Monday, April 2, 2007

If you had access to all resources how would you deal with "the global crisis in diet"?

I can hear Mary (our OM theory teacher) telling us that getting patients to change their dietary practices is beyond challenging, and that the best we can do is provide education and help bring their bodies back into balance with acupuncture, herbs, massage, and qi kung. I believe that schooling around healthy food choices needs to happen when people are young, and that the modeling of conscious eating needs to happen in the home. So if I had all the resources I would target parents and children with dietary education. I would set up a program that would come into every family's home and provide lectures and cooking classes on healthy eating. I would make sure that the foods given to children in school are of the highest quality and that the meals are well-rounded. I would also eradicate all of the fast food chains and the makers of toxic foods, such as Pepsi, Kraft, etc. I would make organic foods cheap to buy, and unhealthy foods really expensive. Shopping at Whole Foods would be the norm! The possibilities are endless.

Would you expect "carbon offsets" to work effectively?

This article was my first introduction to carbon offsets, and it seems that they would be effective in theory. People need to take responsibility and give back to the environment if they are particularly increasing the rate of carbon emissions. It would certainly make people more aware of the environmental damage they are causing with aviation. But the system seems to be more about symptom management and checks and balances than about solving the actual problem. We need to focus our efforts on creating technology/transportation that is environmentally supportive. It's happening with cars, so I see no reason why it can't happen with planes. That may be a naive thing to say, but I'm optimistic and I believe in the limitless potential of the human mind when it's used for goodness.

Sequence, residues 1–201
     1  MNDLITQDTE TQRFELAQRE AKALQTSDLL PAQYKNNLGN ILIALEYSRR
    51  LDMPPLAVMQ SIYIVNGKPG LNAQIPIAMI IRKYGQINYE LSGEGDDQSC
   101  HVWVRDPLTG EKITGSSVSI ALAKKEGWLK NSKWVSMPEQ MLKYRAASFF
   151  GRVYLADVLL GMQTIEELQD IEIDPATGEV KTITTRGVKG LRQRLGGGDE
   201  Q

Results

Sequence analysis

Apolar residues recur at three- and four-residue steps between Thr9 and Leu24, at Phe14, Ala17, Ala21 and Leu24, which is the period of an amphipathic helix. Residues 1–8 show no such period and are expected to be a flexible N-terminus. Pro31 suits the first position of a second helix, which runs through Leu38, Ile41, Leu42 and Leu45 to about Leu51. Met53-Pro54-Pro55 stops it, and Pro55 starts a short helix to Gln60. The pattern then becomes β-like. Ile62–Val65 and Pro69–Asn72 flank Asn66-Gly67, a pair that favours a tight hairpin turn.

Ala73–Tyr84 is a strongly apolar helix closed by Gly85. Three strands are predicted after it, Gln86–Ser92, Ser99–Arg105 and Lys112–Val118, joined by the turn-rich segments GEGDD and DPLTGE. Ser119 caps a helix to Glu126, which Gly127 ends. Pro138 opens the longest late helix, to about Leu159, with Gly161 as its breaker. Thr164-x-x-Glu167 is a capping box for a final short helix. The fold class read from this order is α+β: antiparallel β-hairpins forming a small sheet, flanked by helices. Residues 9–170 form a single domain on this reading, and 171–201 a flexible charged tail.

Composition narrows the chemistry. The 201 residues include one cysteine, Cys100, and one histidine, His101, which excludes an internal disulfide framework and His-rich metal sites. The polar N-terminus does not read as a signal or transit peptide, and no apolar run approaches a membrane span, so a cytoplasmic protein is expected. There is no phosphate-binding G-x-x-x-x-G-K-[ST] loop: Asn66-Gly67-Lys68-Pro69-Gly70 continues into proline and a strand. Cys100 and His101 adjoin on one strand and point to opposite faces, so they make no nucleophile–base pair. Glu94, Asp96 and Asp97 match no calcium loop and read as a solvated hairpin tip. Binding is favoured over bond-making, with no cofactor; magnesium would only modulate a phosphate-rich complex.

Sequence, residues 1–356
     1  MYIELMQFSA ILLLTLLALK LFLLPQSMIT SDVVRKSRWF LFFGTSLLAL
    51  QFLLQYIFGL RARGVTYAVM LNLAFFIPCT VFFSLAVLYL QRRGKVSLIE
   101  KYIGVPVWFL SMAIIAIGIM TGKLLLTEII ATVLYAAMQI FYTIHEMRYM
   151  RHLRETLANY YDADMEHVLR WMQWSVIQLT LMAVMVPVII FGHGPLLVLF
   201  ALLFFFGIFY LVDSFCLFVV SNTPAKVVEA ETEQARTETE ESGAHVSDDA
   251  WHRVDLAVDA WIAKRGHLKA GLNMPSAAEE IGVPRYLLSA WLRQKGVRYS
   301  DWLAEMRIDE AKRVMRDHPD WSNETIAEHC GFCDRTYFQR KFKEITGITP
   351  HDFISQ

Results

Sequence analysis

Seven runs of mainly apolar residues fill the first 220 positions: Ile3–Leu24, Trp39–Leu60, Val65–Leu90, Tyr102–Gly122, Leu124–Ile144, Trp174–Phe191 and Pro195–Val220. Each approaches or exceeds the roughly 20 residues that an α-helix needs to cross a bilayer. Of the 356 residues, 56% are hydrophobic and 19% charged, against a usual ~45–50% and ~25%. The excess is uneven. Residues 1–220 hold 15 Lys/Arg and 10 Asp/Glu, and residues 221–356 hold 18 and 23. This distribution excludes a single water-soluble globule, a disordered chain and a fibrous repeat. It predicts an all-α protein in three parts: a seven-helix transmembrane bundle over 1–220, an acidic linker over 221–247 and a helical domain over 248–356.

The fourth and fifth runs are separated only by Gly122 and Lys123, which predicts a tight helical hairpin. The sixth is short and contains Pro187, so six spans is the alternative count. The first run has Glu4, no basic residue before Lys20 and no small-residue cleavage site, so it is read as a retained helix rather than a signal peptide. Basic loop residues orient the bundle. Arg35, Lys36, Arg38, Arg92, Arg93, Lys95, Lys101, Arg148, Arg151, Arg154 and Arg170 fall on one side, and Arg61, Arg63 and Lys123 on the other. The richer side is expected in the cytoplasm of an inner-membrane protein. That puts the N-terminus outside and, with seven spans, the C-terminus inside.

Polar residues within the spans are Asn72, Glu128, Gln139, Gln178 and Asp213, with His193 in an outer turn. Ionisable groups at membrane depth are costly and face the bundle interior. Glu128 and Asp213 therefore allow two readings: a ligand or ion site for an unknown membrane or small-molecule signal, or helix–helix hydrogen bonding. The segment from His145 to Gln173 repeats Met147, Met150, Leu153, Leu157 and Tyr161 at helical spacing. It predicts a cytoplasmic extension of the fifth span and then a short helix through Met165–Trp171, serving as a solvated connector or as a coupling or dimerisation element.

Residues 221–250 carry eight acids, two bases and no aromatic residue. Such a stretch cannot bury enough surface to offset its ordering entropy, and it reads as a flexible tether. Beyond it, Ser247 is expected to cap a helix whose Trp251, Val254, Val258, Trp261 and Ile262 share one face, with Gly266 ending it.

Do you agree that "Laughter really is the best medicine"?

I certainly agree that laughter is great therapy, and I appreciate that the scientific community is providing the physiological facts to support the obvious. For me, it is not necessarily to act of laughing that is the medicine, but more so that laughter is a key component in an overall healthy, fulfilling lifestyle. I see that living a life of joy and gratitude is the best preventative and restorative healthcare, and laughter is a beautiful expression of these feelings.
I was proud that a Western medical doctor said this in the article: "It may sound corny, but we in health care medical sciences need to get serious about happiness and the lifestyle that produces it, relative to mind, body and spirit." Holistic indeed! And it's with these MDs who are open to holistic medicine that the integration of Eastern and Western practices can occur.